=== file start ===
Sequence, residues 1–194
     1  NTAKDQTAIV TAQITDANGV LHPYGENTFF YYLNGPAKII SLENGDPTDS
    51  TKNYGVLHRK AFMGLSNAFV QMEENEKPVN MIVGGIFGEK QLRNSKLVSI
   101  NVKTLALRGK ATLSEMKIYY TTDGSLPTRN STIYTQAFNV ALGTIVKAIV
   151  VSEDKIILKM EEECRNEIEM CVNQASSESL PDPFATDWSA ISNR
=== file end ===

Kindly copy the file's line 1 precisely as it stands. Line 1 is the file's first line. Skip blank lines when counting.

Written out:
Sequence, residues 1–194